Virtually every point made by Rabbi Eidensohn in his letter of December 9 reflects significant misunderstandings about the science that he is attempting to criticize. However, it's not the errors in Rabbi Eidensohn's letter that I find most troubling. What disturbs me more is the smug belief, evidently shared by many in the yeshiva world [I would add "many in the ID/Creationist world," too --JA], that the working scientist is on average less intelligent than the typical potted plant.
How else can we explain the rabbi's readiness to believe that he has discovered fundamental problems in the theories of physics or biology that have escaped the notice of scientists who study these fields professionally? Such an attitude reflects either an unusual degree of hubris or a fundamental belief that scientists are all bumbling idiots. I suggest it's the latter.
For example, the rabbi triumphantly cites the second law of thermodynamics as evidence against the possibility of evolutionary processes. Does he think the scientists who study thermodynamics and biological processes have absent-mindedly overlooked this issue? Or that because of their unfortunate stupidity they just cannot quite grasp the basic principles of thermodynamics that the rabbi somehow innately comprehends?
Surely even the faintest degree of respect for scientists' intellectual capacities would have led the rabbi to inquire whether they had previously considered this issue. And they have. It's discussed in many popular science books and on about 300,000 websites, which I assume are not yet banned in Monsey.
(Incidentally, if the rabbi will re-read his own letter, he will find that his repeated use of the term "closed system" provides an important clue to understanding why evolutionary processes do not violate the second law.)
The yeshiva world has long found it convenient to ridicule science and scientists, and the rabbi's letter exposes a common conceit that a yiddishe kup and high school diploma provides better insight into the fundamental questions of science than does eight years of dedicated graduate study and a career of scientific experimentation. Well, let me break the bad news — a yiddishe kup and high school diploma [or reading a few creationist websites and books --JA] provide virtually no insight whatsoever into the fundamental questions of science, especially considering the cadaverous state of most yeshiva science curricula.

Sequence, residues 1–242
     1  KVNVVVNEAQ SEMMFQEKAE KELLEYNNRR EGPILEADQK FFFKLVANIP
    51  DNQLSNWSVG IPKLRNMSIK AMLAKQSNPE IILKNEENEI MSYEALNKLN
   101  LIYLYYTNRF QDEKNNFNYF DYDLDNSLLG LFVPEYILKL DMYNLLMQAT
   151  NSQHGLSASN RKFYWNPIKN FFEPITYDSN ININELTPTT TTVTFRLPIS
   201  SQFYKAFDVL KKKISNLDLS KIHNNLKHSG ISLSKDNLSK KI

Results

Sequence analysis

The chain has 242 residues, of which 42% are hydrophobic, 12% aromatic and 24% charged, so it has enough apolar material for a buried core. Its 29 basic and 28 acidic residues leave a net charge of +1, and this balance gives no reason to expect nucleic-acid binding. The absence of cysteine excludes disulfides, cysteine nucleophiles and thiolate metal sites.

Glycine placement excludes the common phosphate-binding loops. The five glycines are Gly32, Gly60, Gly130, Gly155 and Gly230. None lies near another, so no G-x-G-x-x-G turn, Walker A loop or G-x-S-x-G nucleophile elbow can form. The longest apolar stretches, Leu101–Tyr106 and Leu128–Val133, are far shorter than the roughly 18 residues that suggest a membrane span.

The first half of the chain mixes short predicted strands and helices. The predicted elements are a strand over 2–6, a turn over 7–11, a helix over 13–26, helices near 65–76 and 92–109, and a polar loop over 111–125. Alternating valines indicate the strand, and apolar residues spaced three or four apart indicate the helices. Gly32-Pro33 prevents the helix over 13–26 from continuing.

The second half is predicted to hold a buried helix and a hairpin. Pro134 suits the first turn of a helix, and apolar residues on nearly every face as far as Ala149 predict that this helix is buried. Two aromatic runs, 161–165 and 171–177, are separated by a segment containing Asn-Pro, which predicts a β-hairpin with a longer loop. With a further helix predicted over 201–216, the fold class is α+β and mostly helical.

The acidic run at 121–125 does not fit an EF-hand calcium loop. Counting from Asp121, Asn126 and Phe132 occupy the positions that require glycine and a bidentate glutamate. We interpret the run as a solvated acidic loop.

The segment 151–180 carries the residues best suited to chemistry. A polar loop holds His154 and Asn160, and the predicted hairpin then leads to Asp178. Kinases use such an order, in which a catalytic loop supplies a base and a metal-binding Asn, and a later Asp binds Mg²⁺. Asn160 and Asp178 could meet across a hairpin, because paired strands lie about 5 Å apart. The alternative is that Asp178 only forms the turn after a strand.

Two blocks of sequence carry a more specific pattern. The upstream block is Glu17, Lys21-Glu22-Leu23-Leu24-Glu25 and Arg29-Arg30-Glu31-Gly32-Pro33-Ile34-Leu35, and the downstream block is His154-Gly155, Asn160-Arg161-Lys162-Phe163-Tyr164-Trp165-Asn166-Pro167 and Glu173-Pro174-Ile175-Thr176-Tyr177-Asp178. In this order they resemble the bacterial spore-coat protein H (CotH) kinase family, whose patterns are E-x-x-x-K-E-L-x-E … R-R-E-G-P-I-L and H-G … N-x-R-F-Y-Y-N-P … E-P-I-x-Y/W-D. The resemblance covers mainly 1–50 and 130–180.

I don't mean to suggest that the layperson shouldn't exercise his or her full intellectual abilities in trying to critically assess and assimilate the latest scientific findings. One need not believe everything one is told, by scientists or by anyone else.
But the fact of the matter is that scientists are generally highly educated and intelligent people who have a substantial level of competence in their fields of study. Their methods of investigation and analysis have proved staggeringly effective over the past 300 years.
The image of the "idiot scientist" conjured up in Rabbi Eidensohn's letter may be comforting to some, but it's ultimately just crude escapism.
Highland Park, NJ
(All emphasis added.)
The Wolf adds that perhaps people don't think scientists are stupid so much as that they are conspiring to hide the truth. As he points out, if you're going to believe that, you might as well believe that the moon landings were faked or that the government is hiding evidence of alien life at Area 51.